Meeting tonight

What to do with Camden-Rockport Middle School: Tear down, renovate, rebuild?

Wed, 01/29/2014 - 8:45am

    CAMDEN — Ideas are popping for the future of the Camden-Rockport Middle School complex, a series of buildings of varying vintage that have been stitched together over the past century. With no holds barred, there have been discussions about tearing down some of it, or even all of it. And, there have been discussions about saving some of it, or all of it.

    This evening, Jan. 29, architects with the Portsmouth, N.H.-based Oak Point Associates will present three concept plans to the public, and invite opinions.

    The purpose of the meeting is to help shape, “what the public would want as a community resource,” said Maria Libby, School Administrative District 28 assistant superintendent.

    “We very much want the public to be engaged, not just parents,” she said.

    The meeting takes place at the middle school cafeteria, on Knowlton Street in Camden, from 6 to 8 p.m. There, the architects are to present their plans. Childcare will be available.

    Voters in Camden and Rockport approved spending $125,000 last June at annual town meeting on architectural services for the middle school.

    Building history

    The original structure, the Mary E. Taylor Elementary School, was constructed in 1925. It is a 28,200 square-foot three-story (plus a fourth-story penthouse) academic facility.

    In 1950, a 15,900 square-foot two-story building was constructed. This facility was constructed as a stand-alone building with a gymnasium and stage on the ground level, with locker rooms and a boiler room on the below grade level. It is located to the north of the MET building. This section is currently referred to as the Gym.

    In 1955, a 16,200 square-foot section was added north of and connected to the gymnasium. This facility contains several classrooms and science labs. It is currently referred to as the Seventh Grade wing.

    In 1962, a 13,600 square-foot stand-alone building was constructed. It is located between the MET building and the gymnasium. It contains a cafeteria and kitchen, a library, main administrative offices, and other instructional spaces. This is the Andrews Wing.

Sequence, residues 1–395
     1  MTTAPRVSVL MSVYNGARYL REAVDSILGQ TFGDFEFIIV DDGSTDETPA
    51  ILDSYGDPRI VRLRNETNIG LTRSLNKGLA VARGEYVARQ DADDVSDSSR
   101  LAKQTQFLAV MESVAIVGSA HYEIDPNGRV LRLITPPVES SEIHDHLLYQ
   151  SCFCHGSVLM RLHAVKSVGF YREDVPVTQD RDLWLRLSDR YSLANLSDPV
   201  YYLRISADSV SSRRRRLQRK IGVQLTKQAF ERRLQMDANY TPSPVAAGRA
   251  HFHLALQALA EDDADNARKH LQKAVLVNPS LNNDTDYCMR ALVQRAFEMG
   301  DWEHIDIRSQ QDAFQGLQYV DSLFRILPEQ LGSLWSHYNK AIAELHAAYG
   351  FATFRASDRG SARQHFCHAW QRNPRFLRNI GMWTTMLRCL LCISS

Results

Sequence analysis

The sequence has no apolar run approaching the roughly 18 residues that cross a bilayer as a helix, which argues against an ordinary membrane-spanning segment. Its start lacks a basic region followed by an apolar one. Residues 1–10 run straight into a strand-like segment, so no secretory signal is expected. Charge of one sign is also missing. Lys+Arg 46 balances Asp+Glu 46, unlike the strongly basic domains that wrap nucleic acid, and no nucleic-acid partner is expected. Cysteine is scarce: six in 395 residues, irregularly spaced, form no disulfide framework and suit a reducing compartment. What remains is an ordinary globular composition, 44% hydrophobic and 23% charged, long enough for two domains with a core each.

In 1965, a 5,400 square-foot wing was connected to the west side of the 1955 section. This facility contains five classrooms and a consumer science classroom. This section is currently referred to as to as the 1965 Wing (Freshman or K-wing).

    In 1980, a 20,400 square-foot section was connected to the west side of the gym and the Seventh Grade wing.

    This space has a wrestling room, classroom spaces, a courtyard, and support spaces. A portion of this facility is below sloping grade (on the same level as the lower level of the 1950 gym containing approximately 3,600 square-foot providing space for a mini theater and music room.

    This space is currently referred to as the Eighth Grade wing.

    In 2000, four major projects were completed: A 1,000 square-foot covered enclosure was constructed to connect the MET School and the Andrews Wing.

    A second 2,400 square-foot connector between the Andrews Wing and the gymnasium was constructed, creating another continuous covered space.

    An elevator was installed in this connector, rising to the gym floor level; and locker rooms originally in the basement level were converted to storage spaces and replaced by new locker rooms on the gym floor level in the space originally occupied by the stage.

    This meeting follows a survey of the buildings and grounds last summer and fall, and a subsequent Oct. 24 community meeting.

    “Please plan to attend,” school leaders said, in a flyer distributed last week. “This important meeting will help set the direction for all subsequent renovation design work.”